When This Tree Sheds It’s Skin The Most BEAUTIFUL Thing Happens Underneath

Nature will never lose its ability to surprise us with its beauty. While there are new and remarkable discoveries made each year, there are some known species that still amaze us each time we see them. One such species is Eucalyptus deglupta, better known as the “rainbow eucalyptus.” It’s tall, triumphant, and gorgeous to look at…

But why does this beautiful tree have multi-colored bark?

The short answer is that it sheds.

The rainbow eucalyptus sheds its outer bark every year, but it does so in random chunks and at different times. The tree’s outer layer remains smooth while various strips of bark fall off every month. Whenever a piece of bark falls off, the missing patches reveal the greener inner-bark of the tree.

As time passes, this green bark grows darker, changing into different shades of blue, grey, red, and even luscious maroon. And because it’s constantly shedding different strips of bark at different times, the tree becomes covered in multi-colored stripes, giving it the “rainbow” in its namesake! But these trees are more than just pretty to look at…


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“Trunk at Keanae Arboretum, Maui, Hawaii.” / Via Forest and Kim Starr
Via Bob B. Brown
Via Bob B. Brown
“Bark at Hana Hwy, Maui, Hawaii.” / Via Forest and Kim Starr

Facts about the rainbow eucalyptus

The rainbow eucalyptus is a remarkably fast-growing tree. According to accounts in Hawaii, these trees can grow up to 6 feet per year and can stand a total of over 200 feet tall! Due to their rapid growth-rate, the rainbow eucalyptus is considered to be an invasive species in many parts of the world (specifically the U.S.).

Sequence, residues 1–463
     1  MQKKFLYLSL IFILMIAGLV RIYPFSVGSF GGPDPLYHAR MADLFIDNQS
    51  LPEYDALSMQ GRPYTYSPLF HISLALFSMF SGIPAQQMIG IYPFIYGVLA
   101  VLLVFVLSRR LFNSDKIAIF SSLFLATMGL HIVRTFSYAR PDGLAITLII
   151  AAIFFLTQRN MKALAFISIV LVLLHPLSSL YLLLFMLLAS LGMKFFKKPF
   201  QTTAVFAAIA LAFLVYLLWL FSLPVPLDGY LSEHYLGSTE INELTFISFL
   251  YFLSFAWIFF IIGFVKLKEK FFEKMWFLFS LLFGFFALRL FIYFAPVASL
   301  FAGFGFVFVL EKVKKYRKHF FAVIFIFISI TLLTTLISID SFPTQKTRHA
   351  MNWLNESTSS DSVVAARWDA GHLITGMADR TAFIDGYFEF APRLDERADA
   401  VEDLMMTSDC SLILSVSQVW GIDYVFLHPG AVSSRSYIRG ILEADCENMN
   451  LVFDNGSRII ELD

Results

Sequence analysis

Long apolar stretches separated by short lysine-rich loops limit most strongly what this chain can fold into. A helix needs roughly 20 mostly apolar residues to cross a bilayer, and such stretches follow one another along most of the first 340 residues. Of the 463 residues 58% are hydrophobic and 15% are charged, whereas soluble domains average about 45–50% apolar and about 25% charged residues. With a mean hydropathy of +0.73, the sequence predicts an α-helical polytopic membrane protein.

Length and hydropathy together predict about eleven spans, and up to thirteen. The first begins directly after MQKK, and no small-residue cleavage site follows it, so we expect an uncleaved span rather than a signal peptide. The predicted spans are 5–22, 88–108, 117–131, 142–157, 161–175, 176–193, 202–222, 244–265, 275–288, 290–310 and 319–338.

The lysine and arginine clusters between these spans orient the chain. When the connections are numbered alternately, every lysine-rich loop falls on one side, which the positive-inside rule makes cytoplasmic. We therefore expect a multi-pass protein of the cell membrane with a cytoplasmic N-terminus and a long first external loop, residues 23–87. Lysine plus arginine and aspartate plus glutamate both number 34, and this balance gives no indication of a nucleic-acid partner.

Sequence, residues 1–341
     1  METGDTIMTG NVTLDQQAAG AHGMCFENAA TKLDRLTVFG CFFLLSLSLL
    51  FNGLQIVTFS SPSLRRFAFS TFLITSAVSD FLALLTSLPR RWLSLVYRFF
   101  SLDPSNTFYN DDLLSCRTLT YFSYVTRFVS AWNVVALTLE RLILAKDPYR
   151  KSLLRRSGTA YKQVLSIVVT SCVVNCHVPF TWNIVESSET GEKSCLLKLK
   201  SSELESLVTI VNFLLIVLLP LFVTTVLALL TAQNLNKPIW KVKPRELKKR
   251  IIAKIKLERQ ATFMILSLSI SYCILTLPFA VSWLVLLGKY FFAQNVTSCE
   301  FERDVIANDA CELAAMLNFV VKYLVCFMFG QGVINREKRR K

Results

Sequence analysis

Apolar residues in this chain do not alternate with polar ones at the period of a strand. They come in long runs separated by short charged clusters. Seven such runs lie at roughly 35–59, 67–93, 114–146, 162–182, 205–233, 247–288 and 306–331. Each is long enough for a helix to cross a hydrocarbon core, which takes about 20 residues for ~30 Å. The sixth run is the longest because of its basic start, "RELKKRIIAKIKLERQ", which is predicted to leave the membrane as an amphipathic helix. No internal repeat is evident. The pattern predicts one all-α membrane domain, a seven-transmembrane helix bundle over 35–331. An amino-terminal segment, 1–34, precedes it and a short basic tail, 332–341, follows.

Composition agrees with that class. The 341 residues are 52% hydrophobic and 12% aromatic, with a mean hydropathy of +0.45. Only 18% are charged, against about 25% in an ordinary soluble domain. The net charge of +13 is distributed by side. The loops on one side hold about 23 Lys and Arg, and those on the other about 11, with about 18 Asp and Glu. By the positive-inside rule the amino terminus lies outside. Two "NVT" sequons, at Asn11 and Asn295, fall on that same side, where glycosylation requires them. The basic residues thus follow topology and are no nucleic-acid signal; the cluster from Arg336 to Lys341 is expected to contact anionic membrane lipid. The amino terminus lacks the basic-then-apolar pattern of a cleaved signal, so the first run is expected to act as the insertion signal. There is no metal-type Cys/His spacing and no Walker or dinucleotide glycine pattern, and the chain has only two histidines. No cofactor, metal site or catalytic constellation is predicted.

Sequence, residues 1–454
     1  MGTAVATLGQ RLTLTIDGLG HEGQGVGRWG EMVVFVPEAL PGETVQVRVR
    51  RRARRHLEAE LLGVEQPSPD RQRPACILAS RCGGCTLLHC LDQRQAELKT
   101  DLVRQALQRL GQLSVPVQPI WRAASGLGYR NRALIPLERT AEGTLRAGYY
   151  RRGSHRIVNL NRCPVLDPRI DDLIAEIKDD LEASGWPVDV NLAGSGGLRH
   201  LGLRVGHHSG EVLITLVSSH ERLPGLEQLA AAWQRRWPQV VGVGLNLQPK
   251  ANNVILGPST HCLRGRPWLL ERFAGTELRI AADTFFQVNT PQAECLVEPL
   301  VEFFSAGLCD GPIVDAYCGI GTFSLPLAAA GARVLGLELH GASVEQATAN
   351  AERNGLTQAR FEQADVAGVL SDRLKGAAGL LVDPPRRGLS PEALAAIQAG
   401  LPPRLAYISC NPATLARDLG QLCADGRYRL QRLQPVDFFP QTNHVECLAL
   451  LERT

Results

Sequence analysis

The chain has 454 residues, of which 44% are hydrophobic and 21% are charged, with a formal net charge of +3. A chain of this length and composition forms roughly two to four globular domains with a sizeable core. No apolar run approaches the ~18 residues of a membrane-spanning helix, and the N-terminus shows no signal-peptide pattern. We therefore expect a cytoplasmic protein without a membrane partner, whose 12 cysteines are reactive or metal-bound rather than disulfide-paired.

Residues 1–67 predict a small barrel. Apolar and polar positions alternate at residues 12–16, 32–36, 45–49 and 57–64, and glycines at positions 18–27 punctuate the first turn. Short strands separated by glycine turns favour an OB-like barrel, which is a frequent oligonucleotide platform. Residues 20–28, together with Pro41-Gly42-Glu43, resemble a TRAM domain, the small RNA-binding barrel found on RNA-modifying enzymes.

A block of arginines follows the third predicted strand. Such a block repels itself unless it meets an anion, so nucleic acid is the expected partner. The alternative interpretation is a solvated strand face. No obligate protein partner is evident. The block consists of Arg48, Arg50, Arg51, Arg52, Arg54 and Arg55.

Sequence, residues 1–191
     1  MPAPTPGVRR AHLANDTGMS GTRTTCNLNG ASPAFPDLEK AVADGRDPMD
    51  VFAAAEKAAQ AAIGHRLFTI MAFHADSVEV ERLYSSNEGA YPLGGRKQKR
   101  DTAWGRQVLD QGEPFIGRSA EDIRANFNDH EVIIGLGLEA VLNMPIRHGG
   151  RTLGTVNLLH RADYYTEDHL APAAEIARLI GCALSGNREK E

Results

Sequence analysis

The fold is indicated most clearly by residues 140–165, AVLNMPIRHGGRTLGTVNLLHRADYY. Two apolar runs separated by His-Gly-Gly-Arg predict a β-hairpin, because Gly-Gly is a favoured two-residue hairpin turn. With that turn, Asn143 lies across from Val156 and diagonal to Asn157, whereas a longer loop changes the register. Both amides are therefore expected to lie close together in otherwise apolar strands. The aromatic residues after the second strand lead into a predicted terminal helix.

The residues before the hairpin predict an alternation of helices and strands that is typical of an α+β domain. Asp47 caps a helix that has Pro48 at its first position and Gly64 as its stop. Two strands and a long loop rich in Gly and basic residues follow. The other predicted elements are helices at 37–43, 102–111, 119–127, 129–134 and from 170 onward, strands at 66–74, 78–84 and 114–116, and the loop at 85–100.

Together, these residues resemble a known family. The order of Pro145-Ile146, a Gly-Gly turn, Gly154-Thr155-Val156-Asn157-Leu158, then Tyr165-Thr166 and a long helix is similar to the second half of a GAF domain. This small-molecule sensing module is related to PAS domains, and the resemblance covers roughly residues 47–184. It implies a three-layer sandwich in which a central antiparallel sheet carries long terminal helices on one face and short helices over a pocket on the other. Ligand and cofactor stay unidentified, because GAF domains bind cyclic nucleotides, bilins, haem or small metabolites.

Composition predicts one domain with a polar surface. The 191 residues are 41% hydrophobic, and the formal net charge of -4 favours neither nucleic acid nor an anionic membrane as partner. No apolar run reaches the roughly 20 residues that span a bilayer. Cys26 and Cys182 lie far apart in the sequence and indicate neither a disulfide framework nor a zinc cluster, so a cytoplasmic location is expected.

Before you try to grow one of these wonderful trees on your own, make sure you verify that they’re legal to grow in your part of the world.

More than just pretty to look at, they’ve also been cultivated for many reasons. They’ve been planted to help stop erosion, harvested for pulp in the paper industry, and they’ve even been used as fuel for wood fires in the sugar cane industry. So where can I find a place to visit this unique eucalyptus?

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Via Vadim Kurland
Via Vadim Kurland
Via Jeff Kubina
Via Jeff Kubina
“Rainbow eucalyptus tree at Miami MetroZoo, Florida” / Via Lisa Jacobs

Where to find a rainbow eucalyptus

Eucalyptus deglupta are native to the Philippines, Indonesia, and Papua New Guinea. But that doesn’t mean you need a passport to visit them!

The tree is very adaptable and grows in many other parts of the Northern Hemisphere. Rainbow eucalyptus proudly grow in Hawaii’s Hana rainforest in Maui, where visitors are encouraged to visit these wonderful trees. They also grow in the southern parts of California, Texas, and Florida, although they don’t reach the same heights as they do in their natural habitats.

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